Here is the unseen history at one of the country’s first African-American museums

National Afro-American Museum and Cultural Center houses more than 9,000 artifacts.

Only a small percentage of any museum’s collection is out for public view. The rest is a set of unseen intrigues with some of the juiciest bits.

The National Afro-American Museum and Cultural Center in Wilberforce is no different.

A pair of autographed tap shoes that belonged to the dancer, actor and singer Gregory Hines is part of the National Afro-American Museum & Cultural Center in Wilberforce. LISA POWELL / STAFF

“One percent (on display) is a very good number for many museums and probably for us as well,” said Linda Collins, the museum’s collections manager.

The museum opened in 1988 and was one of the first African-American museums in the United States. It houses more than 9,000 artifacts and artwork, 350 manuscript collections and thousands of photographs.

Items range from a buffalo hide coat worn by a Buffalo Soldier to a charred cross found burning in front of Emery Hall, the museum’s neighbor at Central State University.

A "Mammy" style nipple doll is part of the collection at the National Afro-American Museum & Cultural Center in Wilberforce. The female doll is made from a black, rubber baby nursing bottle nipple and believed to have been made in the 1920s. It is unknown whether the object was used as decoration or a child's play thing. LISA POWELL / STAFF

The museum’s mission is to document the African American experience from Africa to the present day, said Collins, who along with Hadley Drodge, an archive intern, gathered a sampling of rarely seen artifacts from the museum’s storage rooms.

One of the most recognizable items in the collection is a pair of tap shoes donated by the dancer, musician and actor Gregory Hines. The shoes were donated in 2000, three years before Hines’ death. Each of the two-tone green leather shoes with silver taps is autographed.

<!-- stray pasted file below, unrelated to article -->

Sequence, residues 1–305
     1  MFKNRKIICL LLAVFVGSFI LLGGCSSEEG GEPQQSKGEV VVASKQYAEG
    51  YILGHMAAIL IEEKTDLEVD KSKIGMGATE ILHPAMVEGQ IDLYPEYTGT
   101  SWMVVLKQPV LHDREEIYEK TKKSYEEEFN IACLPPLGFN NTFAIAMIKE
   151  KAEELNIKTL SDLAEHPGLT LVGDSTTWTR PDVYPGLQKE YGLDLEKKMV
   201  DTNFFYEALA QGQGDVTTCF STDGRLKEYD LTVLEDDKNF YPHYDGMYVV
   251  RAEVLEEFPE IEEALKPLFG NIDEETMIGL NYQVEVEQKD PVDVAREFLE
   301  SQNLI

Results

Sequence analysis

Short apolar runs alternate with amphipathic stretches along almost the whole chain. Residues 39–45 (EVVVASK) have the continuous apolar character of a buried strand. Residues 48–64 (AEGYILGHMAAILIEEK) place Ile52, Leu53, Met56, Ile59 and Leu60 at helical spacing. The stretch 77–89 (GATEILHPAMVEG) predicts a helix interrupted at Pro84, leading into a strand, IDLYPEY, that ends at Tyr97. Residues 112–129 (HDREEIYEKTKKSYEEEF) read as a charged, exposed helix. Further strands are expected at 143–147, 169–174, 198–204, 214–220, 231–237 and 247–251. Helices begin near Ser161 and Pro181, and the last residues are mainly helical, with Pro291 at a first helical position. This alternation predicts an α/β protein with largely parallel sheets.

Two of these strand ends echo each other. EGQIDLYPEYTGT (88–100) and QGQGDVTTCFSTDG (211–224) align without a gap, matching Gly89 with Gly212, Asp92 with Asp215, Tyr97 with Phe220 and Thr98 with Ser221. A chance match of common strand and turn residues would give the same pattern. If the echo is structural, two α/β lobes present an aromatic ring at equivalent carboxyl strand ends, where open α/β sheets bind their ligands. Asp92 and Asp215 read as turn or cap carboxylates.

A “Jig Doll” puppet is a reminder of painful racism. The wooden toy, mass produced in the mid-twentieth century, is painted black with large white eyes and red lips. The figure, wearing a striped jacket, is attached by wire to a paddle that when tapped makes the puppet appear to dance.

A photograph of then Major Charles Young, the first black man to obtain the rank of colonel, accompanies a letter written to him from the black scholar, W.E.B. DuBois. In the letter DuBois gives Young advice on the nuances of how to dress for a white and black audience that would be in attendance at a dinner honoring Young's accomplishments. LISA POWELL / STAFF

A black rubber baby nursing bottle was reused to create a “Mammy” style doll in the 1920s. The female doll wears a red dress and head wrap with a white apron and holds an infant in the crook of her right arm. It’s unknown whether the object served as a child’s doll or as a decoration, according to Collins.

“One thing I love about being down in the archives is that you see all these incredible philosophers and educators – people that really shaped this country – talking to each other,” Drodge said. “You see this web of people who are inspiring each other and working together to build something really important.”